Drugs, desperation and "the thrill" - this is what police say drives Kiwi burglars.

Every single household burglary will be attended by New Zealand Police from this week, after a new policy announcement made by Police Minister Judith Collins yesterday.

The move comes after spikes in household burglary rates and falling resolution rates across New Zealand. Burglaries increased 13 percent in the year to June 30, with more than 90 per cent going unsolved in the year to December 31.

Now, intelligence reports produced by police have revealed some insights into how New Zealand crooks work.


A summary of the New Zealand Police Intelligence Report Dwelling Burglary: National Increases was supplied to the Herald under the Official Information Act.

National Intelligence Centre's Jacqui Ellis did not supply a copy of the report, but summarised its main points.

She said the research had identified "several contributing factors" which led to the increase, and which make the crooks tick.

"Some of these can be explained by understanding the current environment in which burglars are operating in.

"Burglars are motivated, either as a result of a drug habit, the desire and need for cash and in some cases simply for the thrill it provides.

"Burglars are positively reinforced due to the ease with which stolen goods can be offloaded encouraging offenders to continue offending. This exacerbates the problem."

Ellis withheld the recommendations of the report on the grounds the information could impact the "maintenance of the law, including the prevention, investigation and detection of offences and the right to a fair trial".

She said the recommendations could also prevent, "the effective expression of opinions by or between officers and employees of any department or organisation in the course of their duty."


• Burglaries happen in the poorest areas and it is the people living there who are committing the crimes. "Neighbourhoods in New Zealand with the highest volume of dwelling burglaries tend to be areas with higher deprivation levels," said Ellis.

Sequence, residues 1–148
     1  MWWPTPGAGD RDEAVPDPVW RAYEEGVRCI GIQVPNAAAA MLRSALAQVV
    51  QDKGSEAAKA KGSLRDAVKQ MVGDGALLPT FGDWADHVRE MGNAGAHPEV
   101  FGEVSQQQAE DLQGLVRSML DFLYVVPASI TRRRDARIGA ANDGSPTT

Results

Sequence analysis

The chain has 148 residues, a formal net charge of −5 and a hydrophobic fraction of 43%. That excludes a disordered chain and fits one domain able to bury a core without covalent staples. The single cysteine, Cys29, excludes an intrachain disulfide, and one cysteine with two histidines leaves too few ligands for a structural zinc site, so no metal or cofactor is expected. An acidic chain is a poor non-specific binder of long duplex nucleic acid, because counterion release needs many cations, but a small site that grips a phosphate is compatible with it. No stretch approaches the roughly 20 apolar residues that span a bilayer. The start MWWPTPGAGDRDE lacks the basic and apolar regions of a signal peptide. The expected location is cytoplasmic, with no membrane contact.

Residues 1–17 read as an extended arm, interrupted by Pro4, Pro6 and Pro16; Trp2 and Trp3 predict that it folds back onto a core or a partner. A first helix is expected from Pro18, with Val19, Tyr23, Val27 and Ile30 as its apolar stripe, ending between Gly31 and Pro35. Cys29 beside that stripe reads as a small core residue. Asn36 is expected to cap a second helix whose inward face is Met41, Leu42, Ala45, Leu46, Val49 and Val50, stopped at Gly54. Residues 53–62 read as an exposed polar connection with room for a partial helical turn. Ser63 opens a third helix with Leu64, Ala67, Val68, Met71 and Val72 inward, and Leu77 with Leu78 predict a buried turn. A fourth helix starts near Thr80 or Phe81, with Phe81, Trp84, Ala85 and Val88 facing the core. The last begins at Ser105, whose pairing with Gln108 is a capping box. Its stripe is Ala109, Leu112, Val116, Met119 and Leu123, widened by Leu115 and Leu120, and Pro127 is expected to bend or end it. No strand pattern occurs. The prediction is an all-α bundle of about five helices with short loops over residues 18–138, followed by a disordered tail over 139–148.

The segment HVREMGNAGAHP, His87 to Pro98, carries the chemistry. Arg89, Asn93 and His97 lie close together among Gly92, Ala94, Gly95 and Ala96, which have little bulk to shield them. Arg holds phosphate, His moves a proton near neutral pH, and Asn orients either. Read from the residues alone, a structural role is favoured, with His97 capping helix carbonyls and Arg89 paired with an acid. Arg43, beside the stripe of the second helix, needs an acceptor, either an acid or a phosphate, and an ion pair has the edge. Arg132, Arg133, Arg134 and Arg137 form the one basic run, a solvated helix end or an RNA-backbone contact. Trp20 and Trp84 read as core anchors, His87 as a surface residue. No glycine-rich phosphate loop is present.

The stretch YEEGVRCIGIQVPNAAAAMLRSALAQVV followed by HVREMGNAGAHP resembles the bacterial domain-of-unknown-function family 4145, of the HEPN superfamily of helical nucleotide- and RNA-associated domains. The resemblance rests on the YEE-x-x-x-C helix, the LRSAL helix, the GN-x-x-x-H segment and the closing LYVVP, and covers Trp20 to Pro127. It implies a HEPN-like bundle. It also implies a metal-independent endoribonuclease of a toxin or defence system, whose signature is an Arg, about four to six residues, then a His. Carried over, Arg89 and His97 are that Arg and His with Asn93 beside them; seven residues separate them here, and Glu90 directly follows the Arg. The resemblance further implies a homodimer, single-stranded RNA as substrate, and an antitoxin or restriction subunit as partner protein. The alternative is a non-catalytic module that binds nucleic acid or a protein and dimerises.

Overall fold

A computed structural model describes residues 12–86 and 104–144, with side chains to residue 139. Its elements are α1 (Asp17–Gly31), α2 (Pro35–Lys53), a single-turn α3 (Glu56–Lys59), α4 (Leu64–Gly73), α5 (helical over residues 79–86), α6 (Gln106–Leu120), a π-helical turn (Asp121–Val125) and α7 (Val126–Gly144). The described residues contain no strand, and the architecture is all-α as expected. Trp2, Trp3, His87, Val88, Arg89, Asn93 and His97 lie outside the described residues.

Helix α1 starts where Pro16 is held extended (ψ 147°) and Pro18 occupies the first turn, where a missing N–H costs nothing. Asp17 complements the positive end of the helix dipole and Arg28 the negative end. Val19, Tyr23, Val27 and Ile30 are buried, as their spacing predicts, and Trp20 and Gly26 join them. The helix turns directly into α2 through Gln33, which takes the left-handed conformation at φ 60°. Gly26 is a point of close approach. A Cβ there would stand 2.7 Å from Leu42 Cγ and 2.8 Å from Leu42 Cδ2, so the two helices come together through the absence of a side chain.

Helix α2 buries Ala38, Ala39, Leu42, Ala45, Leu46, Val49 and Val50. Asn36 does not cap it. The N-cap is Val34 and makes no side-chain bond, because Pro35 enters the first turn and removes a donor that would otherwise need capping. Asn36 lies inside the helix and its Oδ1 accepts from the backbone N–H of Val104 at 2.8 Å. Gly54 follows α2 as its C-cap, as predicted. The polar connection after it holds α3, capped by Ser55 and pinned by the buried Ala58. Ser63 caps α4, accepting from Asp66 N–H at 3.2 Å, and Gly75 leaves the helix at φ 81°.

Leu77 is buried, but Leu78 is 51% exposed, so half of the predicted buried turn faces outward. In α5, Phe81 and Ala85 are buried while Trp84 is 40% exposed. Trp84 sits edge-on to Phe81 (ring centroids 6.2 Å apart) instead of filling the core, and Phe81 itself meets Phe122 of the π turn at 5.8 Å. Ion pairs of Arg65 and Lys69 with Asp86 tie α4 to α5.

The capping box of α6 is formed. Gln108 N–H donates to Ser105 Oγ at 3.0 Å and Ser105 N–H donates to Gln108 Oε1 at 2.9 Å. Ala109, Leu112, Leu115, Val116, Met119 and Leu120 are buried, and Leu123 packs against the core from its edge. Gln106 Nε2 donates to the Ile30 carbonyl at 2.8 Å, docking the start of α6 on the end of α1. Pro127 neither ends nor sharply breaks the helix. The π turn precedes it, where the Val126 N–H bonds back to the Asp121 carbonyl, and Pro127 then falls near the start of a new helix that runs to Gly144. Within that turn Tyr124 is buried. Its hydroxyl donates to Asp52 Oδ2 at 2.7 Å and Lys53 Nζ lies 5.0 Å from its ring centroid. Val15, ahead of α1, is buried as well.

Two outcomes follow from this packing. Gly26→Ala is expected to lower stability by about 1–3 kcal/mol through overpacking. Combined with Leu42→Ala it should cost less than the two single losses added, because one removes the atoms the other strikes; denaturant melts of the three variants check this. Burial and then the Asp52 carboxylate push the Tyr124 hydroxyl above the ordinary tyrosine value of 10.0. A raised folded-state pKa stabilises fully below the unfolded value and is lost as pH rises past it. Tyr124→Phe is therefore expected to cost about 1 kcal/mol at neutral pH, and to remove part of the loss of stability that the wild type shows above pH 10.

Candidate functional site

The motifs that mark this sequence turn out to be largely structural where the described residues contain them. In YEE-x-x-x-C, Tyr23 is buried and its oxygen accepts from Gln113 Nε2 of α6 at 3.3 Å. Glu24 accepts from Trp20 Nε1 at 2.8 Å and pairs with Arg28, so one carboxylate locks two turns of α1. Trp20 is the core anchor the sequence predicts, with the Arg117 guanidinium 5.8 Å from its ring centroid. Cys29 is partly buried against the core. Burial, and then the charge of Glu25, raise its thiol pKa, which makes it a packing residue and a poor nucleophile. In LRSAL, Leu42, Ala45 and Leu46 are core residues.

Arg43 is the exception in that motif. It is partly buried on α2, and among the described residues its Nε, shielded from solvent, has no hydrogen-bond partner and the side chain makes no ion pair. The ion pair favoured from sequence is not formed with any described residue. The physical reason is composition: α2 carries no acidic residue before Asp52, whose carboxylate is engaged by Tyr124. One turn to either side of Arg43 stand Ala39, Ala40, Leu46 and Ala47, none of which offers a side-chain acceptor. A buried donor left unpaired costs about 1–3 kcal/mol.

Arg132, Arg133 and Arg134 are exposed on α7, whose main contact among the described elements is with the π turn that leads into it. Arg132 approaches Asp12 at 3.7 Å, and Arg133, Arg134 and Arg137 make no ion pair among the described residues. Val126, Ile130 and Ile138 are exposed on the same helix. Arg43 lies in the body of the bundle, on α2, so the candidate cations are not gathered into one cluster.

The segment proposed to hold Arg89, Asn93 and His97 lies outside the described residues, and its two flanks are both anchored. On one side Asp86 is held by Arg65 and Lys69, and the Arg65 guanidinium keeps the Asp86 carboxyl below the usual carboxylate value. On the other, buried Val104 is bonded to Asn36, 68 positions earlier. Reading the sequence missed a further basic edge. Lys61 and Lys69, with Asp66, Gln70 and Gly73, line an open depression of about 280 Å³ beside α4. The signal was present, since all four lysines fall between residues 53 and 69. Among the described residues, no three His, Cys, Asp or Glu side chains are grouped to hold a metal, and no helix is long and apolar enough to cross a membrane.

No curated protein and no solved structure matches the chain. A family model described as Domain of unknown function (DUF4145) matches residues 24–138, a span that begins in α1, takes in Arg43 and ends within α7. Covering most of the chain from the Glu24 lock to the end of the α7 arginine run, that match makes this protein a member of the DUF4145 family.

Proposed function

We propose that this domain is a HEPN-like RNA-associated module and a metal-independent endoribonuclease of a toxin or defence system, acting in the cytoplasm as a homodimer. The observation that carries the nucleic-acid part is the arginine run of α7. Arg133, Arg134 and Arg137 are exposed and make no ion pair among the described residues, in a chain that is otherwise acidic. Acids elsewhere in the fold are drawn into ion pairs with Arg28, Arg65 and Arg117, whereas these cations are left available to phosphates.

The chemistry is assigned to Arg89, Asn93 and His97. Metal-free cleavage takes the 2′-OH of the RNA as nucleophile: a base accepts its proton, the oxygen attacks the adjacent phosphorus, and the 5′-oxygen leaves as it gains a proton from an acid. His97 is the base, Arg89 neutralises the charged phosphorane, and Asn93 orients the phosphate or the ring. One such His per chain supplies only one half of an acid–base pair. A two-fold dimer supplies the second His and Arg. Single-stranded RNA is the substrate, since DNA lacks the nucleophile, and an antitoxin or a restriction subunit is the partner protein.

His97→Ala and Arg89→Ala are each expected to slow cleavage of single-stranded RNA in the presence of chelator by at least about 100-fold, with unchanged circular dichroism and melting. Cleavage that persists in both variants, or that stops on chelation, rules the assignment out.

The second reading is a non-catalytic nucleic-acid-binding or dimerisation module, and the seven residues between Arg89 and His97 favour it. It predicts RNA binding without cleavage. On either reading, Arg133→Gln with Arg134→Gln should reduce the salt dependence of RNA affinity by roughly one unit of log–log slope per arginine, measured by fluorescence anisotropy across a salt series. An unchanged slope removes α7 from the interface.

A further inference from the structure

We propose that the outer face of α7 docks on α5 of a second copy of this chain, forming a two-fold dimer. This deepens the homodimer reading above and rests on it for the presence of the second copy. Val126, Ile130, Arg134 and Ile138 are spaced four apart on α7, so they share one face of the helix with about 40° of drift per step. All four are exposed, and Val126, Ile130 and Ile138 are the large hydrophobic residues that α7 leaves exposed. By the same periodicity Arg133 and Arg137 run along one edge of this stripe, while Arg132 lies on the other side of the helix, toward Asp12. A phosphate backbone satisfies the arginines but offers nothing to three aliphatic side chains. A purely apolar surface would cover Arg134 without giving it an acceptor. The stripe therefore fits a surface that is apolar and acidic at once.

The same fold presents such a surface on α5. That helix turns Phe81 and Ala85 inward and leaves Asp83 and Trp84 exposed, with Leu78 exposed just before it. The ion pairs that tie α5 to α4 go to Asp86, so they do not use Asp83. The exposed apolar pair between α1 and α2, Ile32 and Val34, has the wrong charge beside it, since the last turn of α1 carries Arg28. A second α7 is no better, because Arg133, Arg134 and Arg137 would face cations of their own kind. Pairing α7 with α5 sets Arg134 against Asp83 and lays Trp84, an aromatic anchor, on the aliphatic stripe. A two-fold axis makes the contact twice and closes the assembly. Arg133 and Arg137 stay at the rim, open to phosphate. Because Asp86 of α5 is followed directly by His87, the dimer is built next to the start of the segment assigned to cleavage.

• Most burglars target the same types of property - electronics, jewellery, cash, tolls and machinery, documents and bicycles.

• Ellis said these items are known as "Craved" items, an acronym for Concealable, Removable, Available, Valuable, Enjoyable and Disposable.

• A "large proportion" of offenders are youth, she said. "They are likely to be travelling on foot. This helps explain why small items such as cash, jewellery and smart phones are targeted as they can be easily carried and removed."

• Areas where there is lots of new houses being built are often hot spots, like in Canterbury and North Shore. "Both Districts have seen increases in dwelling burglaries from residential construction sites. It is likely the growth in housing development in these districts is a contributing factor to the increase in dwelling burglaries.

• Thieves follow the money. The easier it is to offload stolen goods, the more they will steal. "The success or failure to convert stolen goods into money (or drugs) play an important role into whether burglars continue to offend."

• Drugs play a big part. "Information suggests many burglars in New Zealand steal property to feed their drug habit. It is likely that the motivation to trade stolen property for drugs or cash is likely increasing dwelling burglary numbers."

• It's everything combined. "It is likely not one of these contributing factors alone that is resulting in the recent increase in dwelling burglaries, but a combination of these factors."

• Weak security. Burglars will go for houses that are not secure as they are easier to steal from, said Ellis. "Effortless entry also perpetuates further offending."